And the example you listed about the disguised Christian service is unknown to me. We go over Passover in mine not to attract Jews but to get to know the meaning of it.
      You are addressing it because of me calling you ‘ genuis in manupulation’ that touched you. Maybe I used too strong words but your post definitelly intentionally or not has the manupulative character. And what did I really mean by it?
      Getting the public to your post in which you express your straight judgement of the facts clasifying them as a lie and fabrication every few episodes .( I may be exagerating) I am talking about that chapter 28 . You do it before proving an argument and as we discussed on that post your concept is not the only one and your point of view doesn’t have to qualify something as a lie as there is many other sides of the story that you omitted but imposing your final judgement. Simple examples; it is a fabrication to you because the outcome of the story that doesn’t suit you ; jewish leaders via the bribed guards is not the way you think it should have gone. Guards are not in danger of being punished , Jews didn’t believe the resurrection and why they changed the story etc, why the bribing. It all proves explainable and logical in all discussed comments and I already talked about in my previous comment relating to it.
      But just a short going over;
      What would matthew try to fabricate in that chapter ?
      your possibilities;
      1)that the resurrection didn’t happen but he wants to sound it as it did? No. Such ‘ fabrication’ doesn’t go along with other testimonies.
      2)he creates a NEW story not known to others that some prophet rose from the dead? No, since other gosples already existed before Matthew and gave a testimony of Jesus being risen.
      Why does he write of the guards being bribed? Why doesn’t he allow them to speak of an event they really witnessed? That would promote his message even more.The reason the guards are bribed is so that they would not share what they really witnessed. If Jesus is not around let better ‘sell’ it as a stolen body story ( whether they believed he rose or not it doesn’t matter) . What would Matthew want to achieve by the end of the story as such? To put the leaders in a bad light? No, again if his purpose is to convince the jewish audience of somebody that didn’t exist but he wants them believ e that he did or that a false prophet was really a true one , Matthew ( if it was up to him creating a story) he would have included the leaders as approving believers to show to all that if the leaders believed so should everyone.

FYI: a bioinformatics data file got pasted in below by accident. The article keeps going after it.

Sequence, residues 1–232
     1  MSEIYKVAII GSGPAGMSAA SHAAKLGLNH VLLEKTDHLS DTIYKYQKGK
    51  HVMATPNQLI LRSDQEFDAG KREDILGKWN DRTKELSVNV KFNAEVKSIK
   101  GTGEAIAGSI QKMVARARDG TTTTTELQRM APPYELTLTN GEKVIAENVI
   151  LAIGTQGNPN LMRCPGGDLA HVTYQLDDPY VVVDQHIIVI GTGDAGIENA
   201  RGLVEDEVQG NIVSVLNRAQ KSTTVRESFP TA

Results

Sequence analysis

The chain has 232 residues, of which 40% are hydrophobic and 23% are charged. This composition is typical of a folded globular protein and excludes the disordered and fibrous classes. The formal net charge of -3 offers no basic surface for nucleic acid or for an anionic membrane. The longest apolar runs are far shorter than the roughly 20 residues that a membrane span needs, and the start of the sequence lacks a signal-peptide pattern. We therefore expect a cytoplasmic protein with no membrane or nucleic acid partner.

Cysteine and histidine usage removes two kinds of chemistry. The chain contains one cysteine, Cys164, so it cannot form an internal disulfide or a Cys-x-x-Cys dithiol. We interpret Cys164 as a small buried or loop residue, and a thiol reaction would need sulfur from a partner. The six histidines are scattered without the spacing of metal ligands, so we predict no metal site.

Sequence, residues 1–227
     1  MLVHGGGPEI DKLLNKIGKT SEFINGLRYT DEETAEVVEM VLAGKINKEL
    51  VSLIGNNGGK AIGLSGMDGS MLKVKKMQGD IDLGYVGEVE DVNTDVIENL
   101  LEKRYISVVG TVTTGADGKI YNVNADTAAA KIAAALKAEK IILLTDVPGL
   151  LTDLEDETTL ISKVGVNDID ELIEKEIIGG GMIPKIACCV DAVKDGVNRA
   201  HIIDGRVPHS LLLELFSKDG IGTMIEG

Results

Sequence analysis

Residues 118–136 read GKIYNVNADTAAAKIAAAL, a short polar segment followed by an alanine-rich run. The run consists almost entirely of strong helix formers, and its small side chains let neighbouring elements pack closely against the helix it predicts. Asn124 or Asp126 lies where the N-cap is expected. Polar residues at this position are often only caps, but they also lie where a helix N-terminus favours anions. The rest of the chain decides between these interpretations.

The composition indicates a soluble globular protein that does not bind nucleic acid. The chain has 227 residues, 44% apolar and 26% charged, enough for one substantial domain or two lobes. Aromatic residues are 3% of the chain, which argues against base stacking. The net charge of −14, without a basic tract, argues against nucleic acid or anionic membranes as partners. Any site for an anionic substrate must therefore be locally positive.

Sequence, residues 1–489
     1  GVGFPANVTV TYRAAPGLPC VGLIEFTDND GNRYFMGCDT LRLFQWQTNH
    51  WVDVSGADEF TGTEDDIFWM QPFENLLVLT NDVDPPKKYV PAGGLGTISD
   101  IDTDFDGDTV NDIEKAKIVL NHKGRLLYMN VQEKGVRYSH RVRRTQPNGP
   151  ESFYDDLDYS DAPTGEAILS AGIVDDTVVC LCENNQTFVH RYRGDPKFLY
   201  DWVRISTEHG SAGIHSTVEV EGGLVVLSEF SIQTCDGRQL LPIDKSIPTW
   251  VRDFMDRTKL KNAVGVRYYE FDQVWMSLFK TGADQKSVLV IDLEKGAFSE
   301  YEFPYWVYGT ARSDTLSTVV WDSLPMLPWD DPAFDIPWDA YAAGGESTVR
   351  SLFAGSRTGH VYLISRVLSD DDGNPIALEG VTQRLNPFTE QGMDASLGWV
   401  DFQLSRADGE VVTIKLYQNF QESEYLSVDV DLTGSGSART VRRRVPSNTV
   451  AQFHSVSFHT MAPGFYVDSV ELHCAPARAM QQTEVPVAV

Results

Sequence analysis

Now back to the to other points you brought up.
      “Recently, there has been a discussion on Psalm 41. Jesus applied one verse to himself. To do so, he had to ignore the rest of the psalm. ”
      It may sound it like that to someone at the first look if you do not go to a deeper study to understand what actually the words ” so that the scriptures many be fulfilled” meant. We can’t also judge that verse based on one gospel but it requires also to look at it within the other 3 reports of it by Matthew, Luke Mark. The question is; was the goal of the authors to really manupulate the public? Doing it undependently as they didn’t come together to that conclussion? The gospels were written not at the same time. If yes, why doesn’t ‘fabricative’ matthew copy the ‘froud’ of John and use it to his benefit ? Why doesn’t John add to jesus words that the words from the psalm are prophecy about jesus? He doesn’t . He would have a perfect chance to add such words so should have done others. Only John brings the words of Jesus that say “I speak not of you all: I know whom I have chosen: but that the scripture may be fulfilled, He that eateth bread with me hath lifted up his heel against me.”
      The conversational contex of that is that jesus knows that he will be betrayed.( Luke) Then he goes that he knows whom he has chosen ; his disciples but one is unfaitful and has to be allowed to go against jesus( betray him) . He can’t be stopped so that the scriptures can be fulfilled which relates to all what was predicted about his purpose of his coming that he would have to suffer and die for others. In order for that to happen he had to submit himself to what was coming ahread instead of running away. He had a choice and could tell Judas’ I know what you are going to do ; getting all the solder come after me for my arresting” but he had to let it happen.
      ….
      “Many times, it has been pointed out that Matthew misrepresents the words of the prophets.”

      We need to search the motives and understand Matthew’ point of view before we can say anything. You say ” he quotes with alarming frequency”. Again you add those expressive words making the message more negativelly appealing. Is Matthew stupid enough to have a reason to keep misquoting scriptures why confirming about the events the others also wrote? Based on all the gospels it doesn’t look like his purpose is to impose a non existing story.

      “When he quotes Isaiah 7:14, he leaves out verse 15.”
      The question is why he should quote all about when the point is to announce the childs birth of great importance?
      When he guotes such events he brings up the words spoken at an earlier time in redemptive history, words that were also pointing to a fuller and complete redemptive future that found fulfilment in jesus ( according to what’s written in NT) . So are all other of his quotations of such character.